Link to trailer


Watch it on Netflix.

The Favourite

The latest from The Lobster and Killing of a Sacred Deer director, Yorgos Lanthimos, centers around an extremely dysfunctional, extremely satisfying triangle of sorts in which Lady Sarah (Rachel Weisz) and her long-lost cousin and new maid, Abigail (Emma Stone), vie for the attention of Queen Anne (Olivia Colman). Their twisted dynamics will forever change the game of cinema and surely make for one of the most hilarious movies of the year. Come for Weisz and Stone. Stay for Colman’s show-stealing performance.

Link to trailer

Watch it in theaters.

A Fantastic Woman

A Fantastic Woman was technically released in November 2017 but many moviegoers only found out about its release in 2018, the year in which it was nominated for Best Foreign Language Film at the Oscars. This drama from Chilean filmmaker Sebastián Lelio tells the story of a truly fantastic trans woman named Marina (Daniela Vega), who is a waitress coping in the immediate aftermath of her boyfriend’s death. Vega, who made history earlier this year when she became the first openly trans person to present at the Academy Awards, is raw and unassuming as Marina. In the face of tragedy and downright cruelty, her character is a picture of grace.

Link to trailer.

Watch it on Amazon Prime, YouTube, Google Play, Vudu, Starz.


The second, but not last, recent work from Chilean director, Sebastián Lelio, tells the story of two British women from an Orthodox Jewish community in North London. Ronit (Rachel Weisz), a successful photographer in New York City, returns to the community following the death of her estranged rabbi father. Upon returning, she finds that her good friend Esti (Rachel McAdams) is now married to their childhood best friend, Dovid. With the flip a switch (in this case, "Lovesong by The Cure"), we learn that Ronit and Esti have a bit of history. What follows is a journey of forbidden love and discovery.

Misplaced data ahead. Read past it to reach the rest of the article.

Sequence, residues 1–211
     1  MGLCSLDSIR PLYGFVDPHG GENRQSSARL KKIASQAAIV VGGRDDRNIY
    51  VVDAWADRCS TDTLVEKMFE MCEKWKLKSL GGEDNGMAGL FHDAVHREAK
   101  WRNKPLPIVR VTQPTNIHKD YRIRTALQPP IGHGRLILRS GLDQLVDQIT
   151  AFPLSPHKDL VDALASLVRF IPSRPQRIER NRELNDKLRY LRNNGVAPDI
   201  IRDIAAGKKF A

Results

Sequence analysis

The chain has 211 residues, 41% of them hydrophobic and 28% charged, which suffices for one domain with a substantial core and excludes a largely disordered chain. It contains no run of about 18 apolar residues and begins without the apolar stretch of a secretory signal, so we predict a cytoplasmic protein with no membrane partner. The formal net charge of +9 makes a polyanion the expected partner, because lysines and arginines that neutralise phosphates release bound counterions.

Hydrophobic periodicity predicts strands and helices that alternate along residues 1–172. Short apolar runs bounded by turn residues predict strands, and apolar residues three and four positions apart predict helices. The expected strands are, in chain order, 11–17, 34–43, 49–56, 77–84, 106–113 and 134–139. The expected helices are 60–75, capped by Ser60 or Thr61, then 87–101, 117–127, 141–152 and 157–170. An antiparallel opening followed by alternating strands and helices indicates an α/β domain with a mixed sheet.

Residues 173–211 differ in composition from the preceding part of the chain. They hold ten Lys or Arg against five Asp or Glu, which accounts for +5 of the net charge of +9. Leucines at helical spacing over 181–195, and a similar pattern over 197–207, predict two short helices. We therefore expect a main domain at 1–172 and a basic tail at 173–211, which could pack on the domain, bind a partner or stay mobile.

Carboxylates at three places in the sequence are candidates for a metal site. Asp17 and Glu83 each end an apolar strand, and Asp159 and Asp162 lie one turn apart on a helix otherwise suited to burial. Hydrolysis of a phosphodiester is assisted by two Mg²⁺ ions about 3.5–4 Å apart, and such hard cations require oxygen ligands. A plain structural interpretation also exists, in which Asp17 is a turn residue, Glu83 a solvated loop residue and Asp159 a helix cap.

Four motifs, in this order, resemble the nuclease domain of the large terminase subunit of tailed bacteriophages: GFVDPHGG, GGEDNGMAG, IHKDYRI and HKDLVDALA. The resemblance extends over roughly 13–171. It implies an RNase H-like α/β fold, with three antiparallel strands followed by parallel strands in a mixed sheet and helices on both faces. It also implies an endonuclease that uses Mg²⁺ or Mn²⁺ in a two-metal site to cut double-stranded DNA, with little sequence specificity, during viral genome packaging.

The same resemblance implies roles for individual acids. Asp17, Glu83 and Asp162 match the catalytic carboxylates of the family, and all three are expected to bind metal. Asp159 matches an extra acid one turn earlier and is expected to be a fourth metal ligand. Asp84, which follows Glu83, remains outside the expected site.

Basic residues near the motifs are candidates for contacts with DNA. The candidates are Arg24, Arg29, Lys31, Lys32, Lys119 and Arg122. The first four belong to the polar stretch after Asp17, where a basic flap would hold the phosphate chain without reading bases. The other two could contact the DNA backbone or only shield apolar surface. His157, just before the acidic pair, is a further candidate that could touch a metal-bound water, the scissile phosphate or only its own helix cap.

Link to trailer.


Watch it as a rental on Vudu; YouTube; Google Play; Amazon Prime.

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In Colette, Keira Knightley stars as France’s most iconic woman writer. While the real Colette is perhaps best known for her 1944 novella, Gigi, the Wash Westmoreland-directed biopic shines its lens on Colette’s relationships with women and her shattering of gender norms in the late 19th, early 20th centuries. Of particular note is Colette’s relationship with Matilde de Morny (Denise Gough), known by Missy, the masculine-presenting noble person, artist, and descendant of Napoleon III. It’s impossible to say whether Missy would have identified as trans or gender nonconforming today. It is, however, refreshing to hear Colette correct her asshole husband Willy (Dominic West) when he uses the wrong pronoun to speak about Missy.

Link to trailer.

Watch it on Vudu, YouTube, Amazon Prime, Google Play.


Ten minutes in, I really hoped Gemini would be a rom-com with Zoë Kravitz and Lola Kirke as the romantic leads. That didn’t happen. Instead, Kirke stars as Jill, an assistant trying to crack the murder of her famous actress boss and best friend, Heather, played by Kravitz. Greta Lee is in the mix too as a K-pop star attached to Jill. The ensuing murder mystery is just as queer as the rom-com I was hoping for. I suggest going in with a blank slate, as the mysterious nature of Kravitz and Kirke’s relationship makes for a particularly captivating lens.

Link to trailer.

Watch it on Hulu.